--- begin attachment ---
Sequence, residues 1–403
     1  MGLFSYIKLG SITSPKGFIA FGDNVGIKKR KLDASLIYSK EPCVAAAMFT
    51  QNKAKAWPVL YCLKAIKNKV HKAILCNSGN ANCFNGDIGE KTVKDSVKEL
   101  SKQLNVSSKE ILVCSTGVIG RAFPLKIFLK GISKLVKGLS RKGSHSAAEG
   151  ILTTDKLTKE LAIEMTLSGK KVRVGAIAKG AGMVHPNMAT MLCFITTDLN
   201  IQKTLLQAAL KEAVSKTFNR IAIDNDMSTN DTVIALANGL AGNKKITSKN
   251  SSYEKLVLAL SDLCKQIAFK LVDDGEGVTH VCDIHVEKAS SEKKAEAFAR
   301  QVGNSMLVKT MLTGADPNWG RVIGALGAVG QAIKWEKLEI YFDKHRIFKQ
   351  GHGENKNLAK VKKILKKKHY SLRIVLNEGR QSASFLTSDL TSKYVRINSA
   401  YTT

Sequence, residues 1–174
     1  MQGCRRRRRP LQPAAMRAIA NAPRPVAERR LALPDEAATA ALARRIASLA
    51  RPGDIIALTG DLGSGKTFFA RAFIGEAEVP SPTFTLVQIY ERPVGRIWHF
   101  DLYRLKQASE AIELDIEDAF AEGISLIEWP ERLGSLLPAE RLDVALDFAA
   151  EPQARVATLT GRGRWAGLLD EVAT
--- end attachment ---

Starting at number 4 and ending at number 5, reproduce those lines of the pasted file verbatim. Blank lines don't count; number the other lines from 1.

   101  SKQLNVSSKE ILVCSTGVIG RAFPLKIFLK GISKLVKGLS RKGSHSAAEG
   151  ILTTDKLTKE LAIEMTLSGK KVRVGAIAKG AGMVHPNMAT MLCFITTDLN